A few more words about evidence. I alluded to the fact that there are different types of evidence in the first blog entry. I wrote that the gold standard of evidence is an empirical study in a peer-reviewed journal. An empirical study uses the rules of science to demonstrate some finding. These are not the only good sources of information, but are at the top. Less strong bits of evidence are non-empirical studies, but I won’t go into great detail here (refer to your research methods course for pros and cons). Government or university center publications or websites are also usually good sources of information. Anecdotal, first-person or journalistic accounts are usually not as strong, but can play a useful role in many student papers (but I would make sure I had stronger data before using these!). Random web sites that you have not “vetted” (investigated closely) should not be used. Though I love Wikipedia, it is not really a scholarly source.

The web is where things can get murky. The web does not distinguish between “good” and “bad” information. Watch out for web sites from advocacy groups (these can be good, but they may have a vested interest in inflating or minimizing the scale of a problem) and think tanks with an ideological ax to grind (they may present only one side of the story, giving a biased view).

Why do you need evidence in the first place? You cannot write most papers in school (unless it is a personal reflections paper, journal entry or something similar) without evidence or support from the literature. You generally need data, numbers, definitions, descriptions, results, etc., to understand any social phenomenon and to support your point. A paper without evidence is not very useful, as the scope of the social problem, issues, or phenomena cannot be fully explained nor understood. Remember, all evidence must be cited!

Keep Writing!

Tuesday, March 3, 2009

Citation Entry 1

For this first blog entry, I want to write about “the big picture,” but first, a word about how I will write this blog. It is somewhat intimidating to me to write on writing: after all, my own writing is imperfect. I believe, however, that I can best communicate to you about writing if I do it using an informal style (don’t want you to fall asleep as you are reading this!) and if I am brief. So, the irony is, I will be writing about formal writing in an informal style.

So what is the big picture? If you can remember only three things for you to strive to accomplish in your writing, here they are:

1. The proper use and citation of evidence (look for quality of evidence entry coming soon!)
2. The logical and orderly presentation of ideas.
3. Accuracy and precision in language.

Of course, these three things encompass a lot individually, and I will tackle the first one in this first blog entry, the proper use and citation of evidence.

When you are writing an academic or scholarly paper, you will be using a variety of sources for your evidence. The type of source depends on the assignment. In some classes, you may be using life histories or other personal accounts as evidence for your positions, thoughts or ideas. If you are writing a scholarly, literature review, however, you will more likely be using scholarly journal articles. The “gold standard” or journal articles in the peer-reviewed journal, in which experts in the field review each article to accept or reject it for publication.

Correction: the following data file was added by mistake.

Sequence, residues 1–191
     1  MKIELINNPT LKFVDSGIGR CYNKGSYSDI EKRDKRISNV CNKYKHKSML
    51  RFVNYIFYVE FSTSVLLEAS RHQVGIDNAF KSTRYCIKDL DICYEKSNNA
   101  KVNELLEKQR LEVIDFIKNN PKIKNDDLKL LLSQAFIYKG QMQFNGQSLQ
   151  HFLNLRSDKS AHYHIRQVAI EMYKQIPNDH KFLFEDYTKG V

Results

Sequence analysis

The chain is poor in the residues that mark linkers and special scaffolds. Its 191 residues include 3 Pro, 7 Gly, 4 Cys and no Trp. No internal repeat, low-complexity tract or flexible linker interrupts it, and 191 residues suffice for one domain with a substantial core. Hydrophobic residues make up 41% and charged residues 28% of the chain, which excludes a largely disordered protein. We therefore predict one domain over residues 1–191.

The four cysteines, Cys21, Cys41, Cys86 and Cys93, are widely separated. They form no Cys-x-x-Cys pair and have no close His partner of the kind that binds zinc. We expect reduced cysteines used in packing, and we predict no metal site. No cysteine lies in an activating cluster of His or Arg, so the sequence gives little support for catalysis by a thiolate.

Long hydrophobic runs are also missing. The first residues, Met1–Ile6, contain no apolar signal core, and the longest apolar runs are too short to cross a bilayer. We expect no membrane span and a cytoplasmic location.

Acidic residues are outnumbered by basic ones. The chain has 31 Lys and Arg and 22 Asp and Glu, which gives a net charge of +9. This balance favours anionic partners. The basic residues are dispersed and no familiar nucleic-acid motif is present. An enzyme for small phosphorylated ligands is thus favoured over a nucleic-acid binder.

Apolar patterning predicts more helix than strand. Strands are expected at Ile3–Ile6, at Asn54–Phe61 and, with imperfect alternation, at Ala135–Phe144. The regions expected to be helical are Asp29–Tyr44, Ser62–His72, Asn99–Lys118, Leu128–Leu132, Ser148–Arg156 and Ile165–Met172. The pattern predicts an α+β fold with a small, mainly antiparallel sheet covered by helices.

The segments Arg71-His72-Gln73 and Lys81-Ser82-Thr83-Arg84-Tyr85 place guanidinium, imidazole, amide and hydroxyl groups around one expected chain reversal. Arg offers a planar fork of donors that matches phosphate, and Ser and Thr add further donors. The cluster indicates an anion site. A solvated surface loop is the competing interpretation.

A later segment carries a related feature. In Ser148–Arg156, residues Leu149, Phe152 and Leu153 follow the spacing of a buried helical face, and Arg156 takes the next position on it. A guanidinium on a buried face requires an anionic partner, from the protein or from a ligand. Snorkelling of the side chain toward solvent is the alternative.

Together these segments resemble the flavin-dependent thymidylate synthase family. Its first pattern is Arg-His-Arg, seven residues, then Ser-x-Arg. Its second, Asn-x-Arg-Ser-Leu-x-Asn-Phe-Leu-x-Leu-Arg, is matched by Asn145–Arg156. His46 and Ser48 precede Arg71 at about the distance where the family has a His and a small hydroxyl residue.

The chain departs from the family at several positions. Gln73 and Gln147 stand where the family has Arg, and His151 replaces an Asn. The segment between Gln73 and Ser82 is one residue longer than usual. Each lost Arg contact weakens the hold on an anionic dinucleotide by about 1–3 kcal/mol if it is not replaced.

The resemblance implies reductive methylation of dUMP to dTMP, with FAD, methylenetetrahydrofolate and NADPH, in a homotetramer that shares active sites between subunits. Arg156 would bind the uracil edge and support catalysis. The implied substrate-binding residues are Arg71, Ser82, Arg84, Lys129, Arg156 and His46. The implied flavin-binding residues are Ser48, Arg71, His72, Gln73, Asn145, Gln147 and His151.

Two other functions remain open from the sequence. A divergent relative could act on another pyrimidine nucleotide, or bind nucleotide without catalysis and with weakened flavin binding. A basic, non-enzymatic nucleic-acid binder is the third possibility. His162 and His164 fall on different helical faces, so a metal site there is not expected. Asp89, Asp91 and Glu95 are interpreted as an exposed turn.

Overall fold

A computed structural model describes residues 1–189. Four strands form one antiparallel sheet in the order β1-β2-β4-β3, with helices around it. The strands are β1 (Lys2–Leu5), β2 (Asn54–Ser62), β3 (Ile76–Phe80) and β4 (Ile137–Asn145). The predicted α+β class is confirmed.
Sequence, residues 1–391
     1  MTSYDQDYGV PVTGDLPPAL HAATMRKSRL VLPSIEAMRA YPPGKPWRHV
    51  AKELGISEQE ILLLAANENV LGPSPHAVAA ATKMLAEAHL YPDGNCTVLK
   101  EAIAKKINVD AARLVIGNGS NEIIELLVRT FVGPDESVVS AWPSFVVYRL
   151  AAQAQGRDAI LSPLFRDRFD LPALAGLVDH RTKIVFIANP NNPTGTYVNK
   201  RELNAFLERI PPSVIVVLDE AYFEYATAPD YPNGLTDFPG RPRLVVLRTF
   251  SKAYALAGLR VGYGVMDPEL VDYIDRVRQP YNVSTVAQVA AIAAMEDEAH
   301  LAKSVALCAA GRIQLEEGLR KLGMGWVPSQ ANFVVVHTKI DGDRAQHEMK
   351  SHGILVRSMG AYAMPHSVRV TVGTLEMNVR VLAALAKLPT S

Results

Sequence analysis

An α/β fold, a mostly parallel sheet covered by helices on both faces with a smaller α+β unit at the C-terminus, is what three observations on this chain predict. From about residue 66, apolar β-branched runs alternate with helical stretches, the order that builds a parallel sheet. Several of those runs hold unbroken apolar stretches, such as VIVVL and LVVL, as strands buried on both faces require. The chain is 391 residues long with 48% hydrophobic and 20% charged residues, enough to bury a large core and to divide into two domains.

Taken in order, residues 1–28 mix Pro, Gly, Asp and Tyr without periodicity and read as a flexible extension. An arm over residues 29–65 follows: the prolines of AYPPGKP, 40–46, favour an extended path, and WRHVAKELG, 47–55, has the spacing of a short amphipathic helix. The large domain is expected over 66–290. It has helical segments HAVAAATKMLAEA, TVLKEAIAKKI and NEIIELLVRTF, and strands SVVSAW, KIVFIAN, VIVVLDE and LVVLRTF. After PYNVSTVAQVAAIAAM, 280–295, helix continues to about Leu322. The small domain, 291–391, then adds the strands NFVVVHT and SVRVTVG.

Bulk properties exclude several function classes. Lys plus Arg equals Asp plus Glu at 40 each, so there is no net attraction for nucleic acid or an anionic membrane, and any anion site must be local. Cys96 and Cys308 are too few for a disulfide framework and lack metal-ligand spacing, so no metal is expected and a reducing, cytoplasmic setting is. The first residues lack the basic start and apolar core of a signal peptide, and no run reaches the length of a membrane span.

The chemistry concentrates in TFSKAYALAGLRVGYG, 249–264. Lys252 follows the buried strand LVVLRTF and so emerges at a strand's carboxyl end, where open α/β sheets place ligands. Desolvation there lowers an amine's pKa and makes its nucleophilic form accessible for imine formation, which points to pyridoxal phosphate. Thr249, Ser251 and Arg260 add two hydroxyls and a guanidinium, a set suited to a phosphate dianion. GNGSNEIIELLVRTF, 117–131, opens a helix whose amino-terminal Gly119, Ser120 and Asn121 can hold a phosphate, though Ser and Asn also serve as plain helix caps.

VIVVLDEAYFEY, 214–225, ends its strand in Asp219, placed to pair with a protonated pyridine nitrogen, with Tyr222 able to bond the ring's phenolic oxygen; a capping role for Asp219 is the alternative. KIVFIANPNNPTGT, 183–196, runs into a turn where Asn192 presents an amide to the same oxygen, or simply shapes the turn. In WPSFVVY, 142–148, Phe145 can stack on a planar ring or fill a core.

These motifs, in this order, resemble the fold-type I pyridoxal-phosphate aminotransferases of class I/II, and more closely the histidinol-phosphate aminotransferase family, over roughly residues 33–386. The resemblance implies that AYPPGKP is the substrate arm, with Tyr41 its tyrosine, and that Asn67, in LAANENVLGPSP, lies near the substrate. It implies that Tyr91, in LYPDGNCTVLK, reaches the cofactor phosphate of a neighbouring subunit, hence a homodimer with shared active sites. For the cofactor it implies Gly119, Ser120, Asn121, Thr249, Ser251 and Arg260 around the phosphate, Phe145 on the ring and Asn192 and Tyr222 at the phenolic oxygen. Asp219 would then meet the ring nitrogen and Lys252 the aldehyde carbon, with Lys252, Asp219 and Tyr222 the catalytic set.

Why cite? Citation is when you give acknowledgement to the original author(s) of a work. This gives that author credit for his or her work and shows the reader where the info came from. Failure to cite (or “failure to properly attribute ideas”) is considered plagiarism, and you don’t want to go there [an aside: in my years of teaching, I have found many many students writing in such a way that they are technically plagiarizing a work. They copy a sentence here, part of a sentence there, from other works and string them together without citation. And, in many cases, students have not been caught doing this. It takes, however, just one time you do get caught to have significant consequences at most colleges and universities.]

Citation allows the reader to find the original source material, gives the reader an idea of the strength or quality of the evidence presented and is just proper, ethical practice.

Citation in social work is most often done according to the American Psychological Association Manual, and that is what I am showing here.

Citation is usually simple: (author(s), year), as in:
One study suggested that more people like dogs than cats (Thomas, 2000).

An in-text citation of the same source is:
Thomas (2000) found that more people like dogs than cats.

However, there are variations, for example when an:

Organization is an author:
Approximately 10,000 people suffer from gizmophobia (National Association of Technology Research, 1999). [No, this disorder does not exist, but I might have it!]
If you are going to refer to this a second time, you can abbreviate it the first time and just use the abbreviation the second time, as follows:
Approximately 10,000 people suffer from gizmophobia (National Association of Technology Research [NATR], 1999)…and the second citation is just (NATR, 1999).

Multiple author citations (note the &):
Physical development does not necessarily end at 18 years of age (Smith & Jones, 2000).

Secondary source citation: when one author reports someone else’s work:
More people like dogs, though cats have fewer care needs (Peebles, 1995, as cited in Whiskers & Furry, 2000).

Citation of a quotation: When you directly use another person's words, you need the page or paragraph number (para number for an electronic source that is not a pdf with page numbers on it):
Gizmophobia can be defined as "an intense and irrational fear of technology" (Johnson, 1998, p. 17).

Multiple sources citation: alphabetical order, by the first author’s surname, separated by ;
Several studies showed that more people like dogs than cats (Brice, 1990; King, 1992; Price & Wagner, 1994).

To find more, look “Reference Citations” in the APA manual index.
You can post a comment or question here and I will be happy to answer it.